She stopped me in what was supposed to be a quick-by-necessity dash through the Christian bookstore. What was I doing now? Were the children plopped in front of the Veggie Tales screen really all mine? Did I stay home with them?
As the conversation lulled, I could have made a break for it--the children were minutes away from remembering it was past their lunchtime. But I couldn't just leave without asking. My heart really needed to know.
How was her granddaughter, the one who shares my name, the one whose birthday I think of two days after my own each year?
Her lilting voice instantly dropped to the hushed tone of something that should not be said, and she held up three fingers. "She's on her third."
A vise clenched my chest--I didn't know.
Only one year older than my 34 years...and just one in a multitude of past friends who have given in to the belief that their marriage can't be fixed, that "till death do us part" really was just a suggestion.
It breaks my heart, brings tears to my eyes--for those friends, for their former spouses, for their children.
A few hours after the bookstore conversation, I stand in front of the mirror, taking a little more time than usual to touch up my make up, try on and take off two or three blouses until I find one that looks special.
Most Friday evenings see me driving back into town while everyone else is struggling to leave. I'm usually pretty tired and could easily drop the children off at my inlaws' house, turn around, and go take a nap, watch a movie, or catch up on some work.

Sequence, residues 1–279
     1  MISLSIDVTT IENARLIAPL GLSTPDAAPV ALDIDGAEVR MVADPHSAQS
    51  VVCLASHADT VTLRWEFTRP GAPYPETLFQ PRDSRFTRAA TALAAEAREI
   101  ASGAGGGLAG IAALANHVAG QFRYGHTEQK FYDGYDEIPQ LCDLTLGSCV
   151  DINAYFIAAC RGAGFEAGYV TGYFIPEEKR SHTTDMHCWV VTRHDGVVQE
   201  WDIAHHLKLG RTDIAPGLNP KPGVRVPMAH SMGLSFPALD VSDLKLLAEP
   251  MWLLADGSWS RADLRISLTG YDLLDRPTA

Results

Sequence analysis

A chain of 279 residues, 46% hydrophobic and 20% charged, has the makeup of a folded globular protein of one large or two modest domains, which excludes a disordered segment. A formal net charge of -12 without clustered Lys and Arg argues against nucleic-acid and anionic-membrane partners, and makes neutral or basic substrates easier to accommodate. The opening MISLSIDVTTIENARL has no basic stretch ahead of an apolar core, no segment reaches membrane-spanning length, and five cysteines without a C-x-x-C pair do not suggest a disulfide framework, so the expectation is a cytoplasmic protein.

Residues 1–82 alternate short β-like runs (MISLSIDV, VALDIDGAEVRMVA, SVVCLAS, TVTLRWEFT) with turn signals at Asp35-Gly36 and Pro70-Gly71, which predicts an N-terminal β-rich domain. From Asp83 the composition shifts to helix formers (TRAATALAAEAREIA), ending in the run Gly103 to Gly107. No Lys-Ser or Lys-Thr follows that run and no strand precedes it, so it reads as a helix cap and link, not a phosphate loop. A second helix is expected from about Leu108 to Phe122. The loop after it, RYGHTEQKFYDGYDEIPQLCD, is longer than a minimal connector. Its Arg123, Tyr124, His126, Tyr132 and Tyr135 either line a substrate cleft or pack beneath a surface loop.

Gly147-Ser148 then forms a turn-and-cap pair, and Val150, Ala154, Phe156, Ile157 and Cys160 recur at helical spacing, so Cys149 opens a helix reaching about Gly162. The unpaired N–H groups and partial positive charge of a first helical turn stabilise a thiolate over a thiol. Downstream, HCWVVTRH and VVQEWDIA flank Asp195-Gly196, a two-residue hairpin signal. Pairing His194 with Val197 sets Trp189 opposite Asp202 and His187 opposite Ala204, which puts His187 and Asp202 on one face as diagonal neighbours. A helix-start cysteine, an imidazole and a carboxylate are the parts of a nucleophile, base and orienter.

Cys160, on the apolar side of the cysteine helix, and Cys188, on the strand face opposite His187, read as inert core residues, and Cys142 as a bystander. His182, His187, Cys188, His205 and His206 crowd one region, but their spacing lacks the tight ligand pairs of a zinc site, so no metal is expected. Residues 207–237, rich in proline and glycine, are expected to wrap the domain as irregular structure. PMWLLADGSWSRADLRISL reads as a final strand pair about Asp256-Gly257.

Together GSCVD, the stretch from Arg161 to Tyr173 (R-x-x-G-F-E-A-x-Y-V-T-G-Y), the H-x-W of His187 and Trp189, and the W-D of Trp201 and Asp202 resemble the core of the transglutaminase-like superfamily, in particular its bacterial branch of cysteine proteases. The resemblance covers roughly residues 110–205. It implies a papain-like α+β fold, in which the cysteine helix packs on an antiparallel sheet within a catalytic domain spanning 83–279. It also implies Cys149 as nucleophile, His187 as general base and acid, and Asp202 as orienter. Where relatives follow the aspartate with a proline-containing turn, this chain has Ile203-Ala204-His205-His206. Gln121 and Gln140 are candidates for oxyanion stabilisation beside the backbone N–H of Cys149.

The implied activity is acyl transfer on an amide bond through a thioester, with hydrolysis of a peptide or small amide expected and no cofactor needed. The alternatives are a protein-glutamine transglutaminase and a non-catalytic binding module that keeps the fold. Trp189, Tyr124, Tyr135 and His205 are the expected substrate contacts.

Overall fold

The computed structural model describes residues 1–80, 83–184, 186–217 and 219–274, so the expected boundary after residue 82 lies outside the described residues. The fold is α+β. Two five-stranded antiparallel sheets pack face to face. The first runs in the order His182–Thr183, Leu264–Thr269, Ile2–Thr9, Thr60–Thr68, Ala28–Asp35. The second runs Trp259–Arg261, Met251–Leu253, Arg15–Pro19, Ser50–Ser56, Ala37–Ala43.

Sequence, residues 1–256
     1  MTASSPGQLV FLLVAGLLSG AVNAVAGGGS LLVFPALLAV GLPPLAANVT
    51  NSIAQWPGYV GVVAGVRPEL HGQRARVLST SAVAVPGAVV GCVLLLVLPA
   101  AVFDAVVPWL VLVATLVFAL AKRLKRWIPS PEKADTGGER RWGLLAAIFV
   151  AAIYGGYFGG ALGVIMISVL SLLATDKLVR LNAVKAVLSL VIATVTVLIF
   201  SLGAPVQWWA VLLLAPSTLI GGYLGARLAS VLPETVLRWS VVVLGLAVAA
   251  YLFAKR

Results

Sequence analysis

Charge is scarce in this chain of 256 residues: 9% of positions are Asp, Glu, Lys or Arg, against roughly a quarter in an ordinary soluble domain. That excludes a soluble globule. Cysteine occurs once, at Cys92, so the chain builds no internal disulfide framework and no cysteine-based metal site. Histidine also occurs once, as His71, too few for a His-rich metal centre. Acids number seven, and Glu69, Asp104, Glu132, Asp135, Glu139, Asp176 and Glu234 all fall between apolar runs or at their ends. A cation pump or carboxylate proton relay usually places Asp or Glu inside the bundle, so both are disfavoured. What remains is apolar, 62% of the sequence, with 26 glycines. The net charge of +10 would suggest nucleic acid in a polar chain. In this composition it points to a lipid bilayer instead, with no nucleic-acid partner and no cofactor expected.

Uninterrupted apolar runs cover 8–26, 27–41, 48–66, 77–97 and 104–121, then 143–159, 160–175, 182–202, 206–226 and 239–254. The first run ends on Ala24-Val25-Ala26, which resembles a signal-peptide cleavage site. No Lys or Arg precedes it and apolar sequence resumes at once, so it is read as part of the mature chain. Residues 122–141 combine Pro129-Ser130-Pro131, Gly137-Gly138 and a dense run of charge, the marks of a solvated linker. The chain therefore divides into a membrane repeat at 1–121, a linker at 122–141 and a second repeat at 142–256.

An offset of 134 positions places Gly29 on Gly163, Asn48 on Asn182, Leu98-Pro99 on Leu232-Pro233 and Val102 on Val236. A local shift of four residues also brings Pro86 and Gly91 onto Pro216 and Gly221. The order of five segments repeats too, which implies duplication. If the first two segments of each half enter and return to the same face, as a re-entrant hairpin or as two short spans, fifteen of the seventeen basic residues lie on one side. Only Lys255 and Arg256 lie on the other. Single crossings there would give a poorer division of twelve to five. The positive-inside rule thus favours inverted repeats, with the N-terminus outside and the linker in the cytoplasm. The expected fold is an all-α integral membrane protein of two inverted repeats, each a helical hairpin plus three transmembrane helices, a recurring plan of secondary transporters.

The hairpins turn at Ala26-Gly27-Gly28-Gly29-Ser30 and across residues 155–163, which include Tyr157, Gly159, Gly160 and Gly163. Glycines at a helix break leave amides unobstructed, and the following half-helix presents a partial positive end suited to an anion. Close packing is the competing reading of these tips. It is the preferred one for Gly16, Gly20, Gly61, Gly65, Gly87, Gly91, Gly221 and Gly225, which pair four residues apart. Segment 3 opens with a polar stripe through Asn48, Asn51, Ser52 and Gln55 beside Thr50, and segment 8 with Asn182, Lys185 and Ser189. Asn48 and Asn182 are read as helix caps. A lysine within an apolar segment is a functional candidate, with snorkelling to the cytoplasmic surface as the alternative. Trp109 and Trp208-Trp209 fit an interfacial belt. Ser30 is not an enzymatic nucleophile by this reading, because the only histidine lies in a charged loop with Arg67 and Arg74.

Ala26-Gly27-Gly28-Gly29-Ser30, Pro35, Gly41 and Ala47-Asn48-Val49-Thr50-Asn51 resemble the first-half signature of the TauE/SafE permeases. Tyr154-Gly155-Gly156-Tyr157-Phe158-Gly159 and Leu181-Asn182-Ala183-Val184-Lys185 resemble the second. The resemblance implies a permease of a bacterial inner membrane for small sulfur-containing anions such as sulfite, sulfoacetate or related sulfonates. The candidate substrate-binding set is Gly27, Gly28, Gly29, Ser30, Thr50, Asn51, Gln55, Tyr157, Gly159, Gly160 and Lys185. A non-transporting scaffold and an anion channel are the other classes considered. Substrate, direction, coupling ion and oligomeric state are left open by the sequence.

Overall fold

Instead, I go have a dinner with my husband.
"Have fun on your date with daddy," Wyatt yells as I head out the door. Like a watchful parent, he adds, "Be careful! You know it'll be dark soon!"
Just a couple hours each week for us--to laugh, to catch up, to hold hands across the table...to kindle the flame.
Today, my husband works on the red barn, ripping off the rotten front boards and adding new ones. And I? I cling a little more closely to his side, handing him nails, standing on a board he's trying to hold down and cut with the skill saw, finding dropped screws, and moving the rotten boards out of the way.
It's not that he needs my help, nor that I don't have work of my own I need to do indoors.
It's merely that I need to feel him close today, need to express my thankfulness for his love.
These small everyday intimate moments we choose to spend together, they are the breathing in and out of prayers for our family to be a living example of what Christ's eternal covenant is all about.
Photo: Side by side shoes as Doug and I work together.